Monday, 18 July 2011

SSO Concert: Demidenko plays Prokofiev / Review

Singapore Symphony Orchestra
Esplanade Concert Hall
Saturday (16 July 2011)

This review was published in The Straits Times on 18 July 2011 with the title "Requiem for Leong".

Russian pianist Nikolai Demidenko has been such a consistent and rock-steady guest soloist with the Singapore Symphony Orchestra that there is not a season that passes without him appearing in a concerto or in recital. This outing was however the first time he played a piano concerto by fellow Russian Sergei Prokofiev.

Not just any concerto, but the fearsome Second Concerto in G minor (Op.16) in a first performance in Singapore since the mid-1990s. Regarded as the most taxing and technically challenging alongside the popular Rachmaninov Third Concerto, his was not a conventional view of the work.

Mere digital brilliance came second to the dark and grim insights into a self-destructive human psyche. His deliberate drawing out of tempos, especially in the monumental first movement cadenza and grotesque third movement, fuelled the idea of this work as a requiem for a tortured soul. Add an unrelenting full-frontal assault on the Scherzo and tempest-tossed finale, his single-mindedness and granitic resolve marked this as one of the memorable performances of the year.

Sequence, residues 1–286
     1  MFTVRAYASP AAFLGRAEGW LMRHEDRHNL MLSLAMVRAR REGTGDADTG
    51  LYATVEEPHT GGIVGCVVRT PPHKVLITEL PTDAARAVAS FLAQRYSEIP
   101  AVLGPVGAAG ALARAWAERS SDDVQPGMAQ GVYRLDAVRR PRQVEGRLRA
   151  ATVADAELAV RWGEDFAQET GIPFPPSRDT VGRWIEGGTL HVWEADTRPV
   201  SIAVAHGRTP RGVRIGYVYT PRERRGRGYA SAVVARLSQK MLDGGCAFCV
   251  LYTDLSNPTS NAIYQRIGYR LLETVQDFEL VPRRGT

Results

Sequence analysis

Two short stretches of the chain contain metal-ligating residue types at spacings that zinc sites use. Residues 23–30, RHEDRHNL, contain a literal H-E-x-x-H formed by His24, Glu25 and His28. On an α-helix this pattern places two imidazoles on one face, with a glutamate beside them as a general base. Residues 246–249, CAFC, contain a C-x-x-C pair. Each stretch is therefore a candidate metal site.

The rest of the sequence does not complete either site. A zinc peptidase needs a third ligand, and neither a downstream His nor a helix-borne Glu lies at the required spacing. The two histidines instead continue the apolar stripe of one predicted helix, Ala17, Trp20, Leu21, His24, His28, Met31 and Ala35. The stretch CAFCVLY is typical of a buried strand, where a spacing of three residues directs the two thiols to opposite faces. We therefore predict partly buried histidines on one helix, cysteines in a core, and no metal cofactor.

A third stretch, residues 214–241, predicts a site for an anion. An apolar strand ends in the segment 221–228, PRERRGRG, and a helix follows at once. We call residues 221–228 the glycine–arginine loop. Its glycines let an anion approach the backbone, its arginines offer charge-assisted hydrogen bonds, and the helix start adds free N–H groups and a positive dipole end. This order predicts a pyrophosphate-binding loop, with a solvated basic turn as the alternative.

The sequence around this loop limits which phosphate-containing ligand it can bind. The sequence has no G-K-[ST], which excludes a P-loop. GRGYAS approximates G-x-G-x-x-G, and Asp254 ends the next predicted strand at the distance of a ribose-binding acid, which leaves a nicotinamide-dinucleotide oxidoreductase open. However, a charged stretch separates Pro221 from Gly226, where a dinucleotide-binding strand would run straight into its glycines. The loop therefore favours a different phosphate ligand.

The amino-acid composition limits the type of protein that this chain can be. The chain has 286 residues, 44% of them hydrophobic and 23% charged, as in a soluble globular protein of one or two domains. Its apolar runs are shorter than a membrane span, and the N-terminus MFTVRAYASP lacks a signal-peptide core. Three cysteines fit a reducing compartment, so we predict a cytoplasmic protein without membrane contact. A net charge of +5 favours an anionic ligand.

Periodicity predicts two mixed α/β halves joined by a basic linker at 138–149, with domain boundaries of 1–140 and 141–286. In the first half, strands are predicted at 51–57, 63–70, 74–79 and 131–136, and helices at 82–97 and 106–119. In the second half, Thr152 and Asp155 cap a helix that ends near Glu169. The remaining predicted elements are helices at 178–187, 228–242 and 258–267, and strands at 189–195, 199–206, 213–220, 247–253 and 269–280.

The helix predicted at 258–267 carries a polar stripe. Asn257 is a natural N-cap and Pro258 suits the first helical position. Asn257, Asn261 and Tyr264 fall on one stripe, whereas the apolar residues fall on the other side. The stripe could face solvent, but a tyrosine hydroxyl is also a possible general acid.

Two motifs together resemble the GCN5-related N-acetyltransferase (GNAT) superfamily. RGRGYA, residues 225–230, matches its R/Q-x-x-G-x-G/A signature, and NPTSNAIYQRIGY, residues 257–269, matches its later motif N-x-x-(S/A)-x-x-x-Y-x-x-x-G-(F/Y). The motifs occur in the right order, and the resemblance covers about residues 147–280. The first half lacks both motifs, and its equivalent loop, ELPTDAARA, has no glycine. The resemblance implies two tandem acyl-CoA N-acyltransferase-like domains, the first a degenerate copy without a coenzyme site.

The concert opened with two works by the Singaporean “Father of Composers” Leong Yoon Pin, originally programmed to celebrate his 80th birthday. His passing in April however turned this occasion into another requiem. His memory was celebrated by a joyous reading of the festive Giocoso Largamente from his Second Symphony and the symphonic poem Feasting In The Woods.

The latter’s evocative opening flute solo was unfortunately marred by latecomers finding their seats. This more complex work presented a profusion of ideas and themes, one reflecting shifting emotional states of mind, before resolving in an optimistic climax of string ostinatos and tubular bells. The splendid trumpet solo to close quietly was the great man’s understated gesture of saying “Happy Birthday!”, humble to the very end.

The second half was reserved for Rachmaninov’s Third Symphony in A minor (Op.44), the second performance by the SSO within four months. Music Director Shui Lan and his charges have a strong identification with the Russian’s music and idiom, which made for another strong showing. Not one to resist its luscious melodies, these were milked for all their worth, with climaxes driven to fever pitch.

The orchestra will be recording this work in the coming weeks, and judging by this showing, it is going to be a resounding success.

1 comment:

Chang Tou Liang said...

Nikolai Demidenko's encore was Chopin's Nocturne in C sharp minor (Op.posth), a quiet relief after the prounding Prokofiev.